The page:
NEW YORK - Dow Chemical Co posted a 66 percent jump in third-quarter earnings on Thursday to beat Wall Street's expectations, but it warned it does not expect market improvements next year.

Dow sold off $3.4 billion in assets this year to boost its bottom line and reduce debt. The company also cut costs by laying off thousands of workers and shutting several plants.

While sales fell from the same period last year, they rose sequentially due to slow, steady, demand growth, particularly in electronics, plastics and coatings. But the physical volume of chemicals sold, as well as the prices at which they were sold, both fell during the period.

What you see here is a company that has a lot of leverage and that is basically struggling to maintain its financial performance and also to deal with a very difficult global environment, Greenwich Consultants analyst Mike Judd told Reuters.

Despite strength in China and other Asian markets, global market conditions likely will not improve in 2010, Chief Executive Andrew Liveris said.

High unemployment and low consumer spending is also hurting the recovery of the U.S. market, he said.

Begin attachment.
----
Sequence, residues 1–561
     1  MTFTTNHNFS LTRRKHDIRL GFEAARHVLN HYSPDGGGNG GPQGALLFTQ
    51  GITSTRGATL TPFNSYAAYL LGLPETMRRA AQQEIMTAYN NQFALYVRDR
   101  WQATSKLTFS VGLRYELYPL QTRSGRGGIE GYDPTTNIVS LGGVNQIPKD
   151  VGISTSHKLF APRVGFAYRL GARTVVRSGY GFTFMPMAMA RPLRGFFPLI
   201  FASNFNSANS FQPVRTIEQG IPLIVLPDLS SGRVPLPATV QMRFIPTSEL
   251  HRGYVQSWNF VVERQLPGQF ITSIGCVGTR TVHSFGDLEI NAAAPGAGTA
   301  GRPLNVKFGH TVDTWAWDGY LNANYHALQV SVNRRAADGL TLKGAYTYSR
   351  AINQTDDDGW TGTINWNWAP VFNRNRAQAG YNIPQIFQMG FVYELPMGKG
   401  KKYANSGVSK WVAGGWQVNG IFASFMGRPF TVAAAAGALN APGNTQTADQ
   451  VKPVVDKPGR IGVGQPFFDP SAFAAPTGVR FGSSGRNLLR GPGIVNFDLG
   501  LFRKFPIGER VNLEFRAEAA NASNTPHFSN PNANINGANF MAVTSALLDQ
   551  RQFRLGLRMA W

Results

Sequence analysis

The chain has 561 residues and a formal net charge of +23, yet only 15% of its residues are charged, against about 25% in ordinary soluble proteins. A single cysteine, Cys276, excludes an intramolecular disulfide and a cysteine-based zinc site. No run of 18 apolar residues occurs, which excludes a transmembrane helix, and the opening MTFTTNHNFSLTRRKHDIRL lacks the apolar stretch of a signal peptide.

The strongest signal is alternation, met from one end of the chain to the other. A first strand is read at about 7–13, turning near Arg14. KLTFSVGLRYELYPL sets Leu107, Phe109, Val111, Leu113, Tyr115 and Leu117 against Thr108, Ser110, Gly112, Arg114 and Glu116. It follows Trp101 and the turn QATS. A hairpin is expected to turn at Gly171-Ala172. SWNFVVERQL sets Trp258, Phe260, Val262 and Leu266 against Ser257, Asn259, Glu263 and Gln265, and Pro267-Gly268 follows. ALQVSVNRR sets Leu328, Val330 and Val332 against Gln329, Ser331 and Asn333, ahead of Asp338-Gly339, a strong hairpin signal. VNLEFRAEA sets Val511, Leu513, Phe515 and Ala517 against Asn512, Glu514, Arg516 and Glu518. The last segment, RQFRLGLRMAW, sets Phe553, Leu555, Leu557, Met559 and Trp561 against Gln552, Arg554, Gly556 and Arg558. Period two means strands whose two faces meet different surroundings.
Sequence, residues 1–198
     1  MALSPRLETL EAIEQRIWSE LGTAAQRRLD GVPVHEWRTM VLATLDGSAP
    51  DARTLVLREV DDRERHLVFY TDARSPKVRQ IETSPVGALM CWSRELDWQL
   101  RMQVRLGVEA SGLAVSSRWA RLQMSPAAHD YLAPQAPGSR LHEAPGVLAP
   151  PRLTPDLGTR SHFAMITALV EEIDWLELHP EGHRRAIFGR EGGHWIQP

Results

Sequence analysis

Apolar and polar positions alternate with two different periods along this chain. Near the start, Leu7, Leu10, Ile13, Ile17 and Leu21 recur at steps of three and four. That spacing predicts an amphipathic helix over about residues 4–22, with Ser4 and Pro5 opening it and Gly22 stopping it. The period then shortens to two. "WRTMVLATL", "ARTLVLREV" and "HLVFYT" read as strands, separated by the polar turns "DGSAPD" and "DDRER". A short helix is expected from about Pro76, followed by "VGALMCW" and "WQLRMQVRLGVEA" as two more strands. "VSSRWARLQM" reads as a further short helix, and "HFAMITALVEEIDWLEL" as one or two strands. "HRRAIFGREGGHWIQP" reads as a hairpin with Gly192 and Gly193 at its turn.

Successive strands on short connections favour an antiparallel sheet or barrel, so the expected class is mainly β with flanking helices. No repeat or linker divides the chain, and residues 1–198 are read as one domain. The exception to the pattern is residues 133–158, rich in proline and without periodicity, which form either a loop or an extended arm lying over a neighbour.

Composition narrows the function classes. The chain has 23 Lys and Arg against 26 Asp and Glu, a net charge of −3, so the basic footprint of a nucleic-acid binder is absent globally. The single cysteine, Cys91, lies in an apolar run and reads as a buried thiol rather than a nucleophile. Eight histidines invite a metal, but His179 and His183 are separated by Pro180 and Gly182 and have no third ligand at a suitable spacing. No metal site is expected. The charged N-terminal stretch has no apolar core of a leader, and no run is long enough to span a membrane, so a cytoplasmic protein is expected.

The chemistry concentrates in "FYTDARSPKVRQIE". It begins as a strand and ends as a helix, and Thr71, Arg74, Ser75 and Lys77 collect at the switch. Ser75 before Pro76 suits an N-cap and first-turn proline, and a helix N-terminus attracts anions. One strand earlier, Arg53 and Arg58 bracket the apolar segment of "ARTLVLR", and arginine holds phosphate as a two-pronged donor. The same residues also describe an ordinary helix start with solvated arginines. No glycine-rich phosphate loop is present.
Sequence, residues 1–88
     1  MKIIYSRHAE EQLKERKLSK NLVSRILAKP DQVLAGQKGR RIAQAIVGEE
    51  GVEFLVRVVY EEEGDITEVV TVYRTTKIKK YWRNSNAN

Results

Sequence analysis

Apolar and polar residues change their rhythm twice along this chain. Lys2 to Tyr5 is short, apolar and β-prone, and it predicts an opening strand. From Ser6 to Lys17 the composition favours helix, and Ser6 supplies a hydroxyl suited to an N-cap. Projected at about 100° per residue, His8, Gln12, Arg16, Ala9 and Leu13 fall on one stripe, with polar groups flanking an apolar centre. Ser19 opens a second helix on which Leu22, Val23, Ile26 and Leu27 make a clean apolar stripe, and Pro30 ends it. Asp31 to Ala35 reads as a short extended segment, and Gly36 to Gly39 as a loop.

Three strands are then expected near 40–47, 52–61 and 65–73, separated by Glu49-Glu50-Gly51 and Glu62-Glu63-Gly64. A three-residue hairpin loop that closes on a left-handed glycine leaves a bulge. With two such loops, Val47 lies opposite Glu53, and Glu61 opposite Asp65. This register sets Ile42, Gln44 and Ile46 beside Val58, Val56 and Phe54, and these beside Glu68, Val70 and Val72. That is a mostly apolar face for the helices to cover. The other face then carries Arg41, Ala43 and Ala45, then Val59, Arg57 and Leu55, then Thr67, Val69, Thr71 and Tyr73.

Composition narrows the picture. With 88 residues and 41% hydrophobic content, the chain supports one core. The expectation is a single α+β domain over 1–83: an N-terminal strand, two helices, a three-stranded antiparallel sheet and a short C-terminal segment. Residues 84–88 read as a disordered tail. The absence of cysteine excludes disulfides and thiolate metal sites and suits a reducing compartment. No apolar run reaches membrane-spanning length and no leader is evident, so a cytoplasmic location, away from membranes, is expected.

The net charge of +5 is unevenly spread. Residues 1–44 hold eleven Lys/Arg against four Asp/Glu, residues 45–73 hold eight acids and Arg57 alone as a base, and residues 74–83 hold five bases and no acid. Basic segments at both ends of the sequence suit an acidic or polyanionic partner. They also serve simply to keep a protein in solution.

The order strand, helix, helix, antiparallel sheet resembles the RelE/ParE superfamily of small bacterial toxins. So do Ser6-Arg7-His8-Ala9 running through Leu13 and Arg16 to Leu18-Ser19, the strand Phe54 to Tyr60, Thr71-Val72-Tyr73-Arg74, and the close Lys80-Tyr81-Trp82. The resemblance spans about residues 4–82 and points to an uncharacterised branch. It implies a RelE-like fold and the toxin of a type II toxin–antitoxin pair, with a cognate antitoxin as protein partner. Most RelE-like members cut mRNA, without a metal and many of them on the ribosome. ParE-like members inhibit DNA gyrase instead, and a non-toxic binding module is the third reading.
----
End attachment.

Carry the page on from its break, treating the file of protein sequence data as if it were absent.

Dow is somewhat cautious on the outlook and rightfully so, given that in some of the largest markets that it participates in, (namely) construction and autos, the line of sight is still blurry, Morningstar analyst Ben Johnson told Reuters.


Like many of its peers, Dow relied on aggressive cost cuts to bolster profits, a tactic that makes many on Wall Street anxious.

While the cuts, about $380 million during the period, were necessitated by the recession, Dow's April 1 purchase of specialty chemicals maker Rohm & Haas also contributed.

Now fully integrated into Dow, the loan used to pay for the deal has been repaid, the company said.

For the quarter, the company posted net income of $711 million, or 63 cents per share, up from $428 million, or 46 cents per share, a year earlier.

Excluding one-time items, such as the sale of stakes in a Dutch refinery and a Malaysian petroleum producer, earnings were 24 cents per share.

By that measure, analysts had expected earnings of 10 cents per share, according to Thomson Reuters I/B/E/S estimates.

Revenue fell 22 percent to $12.05 billion, but still beat analysts' expectations of $11.85 billion.

Sales at Dow AgroSciences -- a unit that helped Dow post a first-quarter profit -- dropped sharply due in part to drought and seasonal issues.

Its shares were up 1 percent to $25.79 in early afternoon trading. (Reporting by Ernest Scheyder; Additional reporting by Euan Rocha; Editing by Lisa Von Ahn, Gerald E. McCormick, Dave Zimmerman, Leslie Gevirtz)